Organic agricolture represents the future, the key to face the challenges connected to our health and to pollution. Now, we have a scientific confirmation.
According to the results of a research recently published on Nature Communications and guided by the swiss research institute FiBL (Research Institute of Organic Agriculture) in collaboration with FAO, organic agriculture could really contribute to reduce a sustainable global food system, with healthy eating and, in the meantime, the reduction of greenhouse gases.
Scientists have, in fact, imagined a series of scenarios for 2050, year when FAO expects a growth of agriculture by 50% to satisfy the more than 9 billion people in the world. If the world converted to organic agriculture but people still continued to eat meat and waste food, the farmers would need more than 33% more soil to satisfy the requests and feed the world. On the other hand, if people halved the wasted food and converted all of the soil used for farming animals into cultivations, we would need 18% less soil and we would be able to produce food for everyone. In this case, animal sourced proteins eaten by the population should decrease by 38 to 11%.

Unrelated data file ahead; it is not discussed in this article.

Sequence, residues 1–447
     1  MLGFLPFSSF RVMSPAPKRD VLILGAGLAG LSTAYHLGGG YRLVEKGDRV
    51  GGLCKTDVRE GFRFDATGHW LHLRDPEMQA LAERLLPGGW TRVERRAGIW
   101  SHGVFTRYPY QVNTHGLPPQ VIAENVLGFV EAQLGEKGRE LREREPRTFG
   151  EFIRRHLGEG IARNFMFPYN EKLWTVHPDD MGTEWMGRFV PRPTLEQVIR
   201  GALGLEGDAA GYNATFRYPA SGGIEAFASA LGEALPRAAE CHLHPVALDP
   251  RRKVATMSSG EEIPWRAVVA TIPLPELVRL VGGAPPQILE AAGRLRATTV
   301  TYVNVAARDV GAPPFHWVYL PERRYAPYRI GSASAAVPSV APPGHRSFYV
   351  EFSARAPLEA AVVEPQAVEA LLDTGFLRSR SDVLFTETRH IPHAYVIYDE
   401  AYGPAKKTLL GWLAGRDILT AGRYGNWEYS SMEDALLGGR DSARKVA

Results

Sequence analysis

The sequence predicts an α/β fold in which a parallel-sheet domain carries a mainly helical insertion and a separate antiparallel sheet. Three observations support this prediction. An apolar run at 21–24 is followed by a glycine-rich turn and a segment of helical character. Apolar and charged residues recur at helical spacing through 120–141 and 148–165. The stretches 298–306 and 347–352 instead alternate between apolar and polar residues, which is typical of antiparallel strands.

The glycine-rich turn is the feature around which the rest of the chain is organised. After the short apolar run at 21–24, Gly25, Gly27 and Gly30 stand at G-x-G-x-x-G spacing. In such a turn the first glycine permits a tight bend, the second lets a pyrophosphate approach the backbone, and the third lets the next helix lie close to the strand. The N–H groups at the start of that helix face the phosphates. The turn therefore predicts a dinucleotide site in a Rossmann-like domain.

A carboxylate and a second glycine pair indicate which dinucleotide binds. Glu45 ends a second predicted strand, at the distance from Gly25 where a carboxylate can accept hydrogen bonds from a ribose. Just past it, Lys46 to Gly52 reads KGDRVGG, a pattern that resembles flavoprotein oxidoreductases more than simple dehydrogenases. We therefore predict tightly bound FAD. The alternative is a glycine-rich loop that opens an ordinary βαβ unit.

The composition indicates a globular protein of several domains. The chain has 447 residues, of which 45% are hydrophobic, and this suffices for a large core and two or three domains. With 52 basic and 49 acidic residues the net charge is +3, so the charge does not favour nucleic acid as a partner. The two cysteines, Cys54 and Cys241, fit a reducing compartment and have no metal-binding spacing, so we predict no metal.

Organic agriculture is, in fact, a more sustainable harvesting technique on an environmental point of view, since it doesn’t require the use of chemical fertilizers and pesticides, promoting the rotation of cultures and favoring the natural cycle of nutrients.
The environmental benefits of this practice are widely documented, but the soil cultivated with organic agriculture are less performing: to obtain the same amount of food made through traditional techniques, it is required more land.